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Comment: Re:Competition is good (Score 1) 188

by phantomfive (#48936567) Attached to: Microsoft To Invest In Rogue Android Startup Cyanogen

Phones are getting a bit more memory, somewhat faster CPUs, a bit better screens, and improved cameras but you would expect all of these things. In terms of new and interesting features, it seems like we're in a mature market where we've all decided upon what it means for a device to be a smartphone.

That's a problem phone makers are facing. Amazon's new fire phone, supposed to be revolutionary, is just some parallax graphics (and a bit of rotation magic).

When new ideas fail, you do what Apple did: re-skin it.

Comment: Re:Old news and still needs pwned access (Score 1) 82

by phantomfive (#48933549) Attached to: Georgia Institute of Technology Researchers Bridge the Airgap

Secondly almost the first thing said in the video is that they had to install a driver on the target to force it to emit signals they could pull out of the noise.

At that point it's no longer 'bridging the air-gap' (which typically means exploiting across the air gap), it's communicating between two friendly entities through the air.
Which we've been doing for literally hundreds of millions of years.

Comment: Re:not the point (Score 1) 367

by phantomfive (#48932061) Attached to: Why Screen Lockers On X11 Cannot Be Secure

And you are dishonest.

You're a jerk, and I hate you. Woohoo, insults, I can do them too.

If you had Windows in 1993, and you pushed ctrl-alt-delete and it brought up your login screen, then you were not normal, and the OS was not an OS many people had. THAT is the truth.

As an aside, in 1993, more people were running Unix than Windows NT.

User Journal

Journal: SystemD: The Beginning 6

Journal by phantomfive


To do a proper code review, you need to understand the purpose of the code, what all the stakeholders want. From my own perspective, init scripts work fine, but since Unix companies keep trying to create new init systems, they must have different needs than I do.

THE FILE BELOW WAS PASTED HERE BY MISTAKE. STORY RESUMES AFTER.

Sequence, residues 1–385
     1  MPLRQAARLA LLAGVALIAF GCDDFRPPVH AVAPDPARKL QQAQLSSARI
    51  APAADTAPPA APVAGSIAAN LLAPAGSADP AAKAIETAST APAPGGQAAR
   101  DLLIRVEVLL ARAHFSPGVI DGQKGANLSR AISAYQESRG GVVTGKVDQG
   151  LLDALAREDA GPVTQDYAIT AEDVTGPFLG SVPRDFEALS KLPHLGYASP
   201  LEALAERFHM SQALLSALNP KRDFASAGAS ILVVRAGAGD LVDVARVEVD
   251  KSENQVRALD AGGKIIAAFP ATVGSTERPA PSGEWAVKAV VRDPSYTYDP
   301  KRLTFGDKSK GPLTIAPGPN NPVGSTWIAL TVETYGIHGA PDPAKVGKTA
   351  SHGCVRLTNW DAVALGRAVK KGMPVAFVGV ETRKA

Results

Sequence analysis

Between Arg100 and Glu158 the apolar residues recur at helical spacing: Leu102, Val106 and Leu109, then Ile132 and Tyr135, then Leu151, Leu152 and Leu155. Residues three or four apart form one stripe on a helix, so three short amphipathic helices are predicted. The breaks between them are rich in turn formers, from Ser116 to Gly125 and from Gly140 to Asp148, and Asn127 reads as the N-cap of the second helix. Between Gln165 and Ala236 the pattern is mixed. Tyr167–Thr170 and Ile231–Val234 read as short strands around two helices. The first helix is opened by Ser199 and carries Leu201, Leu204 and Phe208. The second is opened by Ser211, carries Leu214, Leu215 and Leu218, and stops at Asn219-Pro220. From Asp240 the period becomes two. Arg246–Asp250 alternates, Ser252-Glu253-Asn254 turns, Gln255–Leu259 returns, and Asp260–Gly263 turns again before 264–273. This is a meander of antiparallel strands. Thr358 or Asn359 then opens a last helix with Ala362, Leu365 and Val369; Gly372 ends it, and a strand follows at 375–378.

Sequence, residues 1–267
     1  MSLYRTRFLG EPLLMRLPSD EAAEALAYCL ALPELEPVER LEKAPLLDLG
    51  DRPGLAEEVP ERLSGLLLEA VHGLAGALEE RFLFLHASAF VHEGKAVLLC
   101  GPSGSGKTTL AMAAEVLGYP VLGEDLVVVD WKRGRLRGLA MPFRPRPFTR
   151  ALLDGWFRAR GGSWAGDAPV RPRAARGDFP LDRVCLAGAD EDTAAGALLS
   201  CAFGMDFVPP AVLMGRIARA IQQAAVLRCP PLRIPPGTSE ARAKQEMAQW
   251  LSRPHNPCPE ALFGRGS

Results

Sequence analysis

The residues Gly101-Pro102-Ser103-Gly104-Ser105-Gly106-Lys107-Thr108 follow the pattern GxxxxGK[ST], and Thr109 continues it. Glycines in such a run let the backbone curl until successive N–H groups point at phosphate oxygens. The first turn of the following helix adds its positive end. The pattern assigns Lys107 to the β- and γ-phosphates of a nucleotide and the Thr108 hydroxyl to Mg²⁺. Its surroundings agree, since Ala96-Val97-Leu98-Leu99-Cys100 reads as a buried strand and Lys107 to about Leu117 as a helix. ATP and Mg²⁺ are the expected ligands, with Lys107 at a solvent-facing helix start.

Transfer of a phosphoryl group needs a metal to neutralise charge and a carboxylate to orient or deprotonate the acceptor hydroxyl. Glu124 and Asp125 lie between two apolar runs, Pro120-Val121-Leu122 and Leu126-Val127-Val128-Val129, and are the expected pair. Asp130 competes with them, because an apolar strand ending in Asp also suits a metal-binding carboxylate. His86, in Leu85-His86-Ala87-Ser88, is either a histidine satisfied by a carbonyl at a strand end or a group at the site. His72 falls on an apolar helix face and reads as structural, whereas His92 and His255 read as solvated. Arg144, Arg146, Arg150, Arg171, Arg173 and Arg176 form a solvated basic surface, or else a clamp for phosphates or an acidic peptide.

Comment: Re:Open source code is open for everyone (Score 1) 209

by phantomfive (#48929483) Attached to: Serious Network Function Vulnerability Found In Glibc

Most are language-independent.... no surprise to see CWE-89 (SQL injection) and CWE-78 (command line injection) in there, as well as the slough of crypto/authN/authZ-related stuff. But where are the language-dependent bugs coming from? If you drill down on the code examples for CWE-120, -131, -134, and -676, you'll see C and C++ are a re-occurring theme.

Good then we're agreed, buffer overflows are not the most common security vuln.

All we need now is for you to realize that, if someone thinks the language means they don't need to worry about security, then their code will be much more vulnerable, even if they write in Java. Once you realize that, then we will be completely agreed.

Comment: Re:not the point (Score 1) 367

by phantomfive (#48929459) Attached to: Why Screen Lockers On X11 Cannot Be Secure
If you're talking about the x11 stipple functions, then they're not a reason to replace X11 either, just ignore them until no one uses them, then remove them. If people are using them, then there's a reason to not remove them.

Being old is not a reason to replace software. Being new does not make software better.

Although, if you'd like to tell me how the computing landscape has moved on significantly, I'm sure I'd be entertained to hear it.

Comment: Re:Funny thing about this... (Score 1) 29

by phantomfive (#48929141) Attached to: Book Review: Designing and Building a Security Operations Center

Now this book comes out explaining that a SOC is basically just a bunch of smart (expensive) people intelligently mining data?

The hard part is finding the capable (expensive) people, even if you are willing to pay a lot. Programmers and IT guys are not hard to find in America, but capable ones are.

Say "twenty-three-skiddoo" to logout.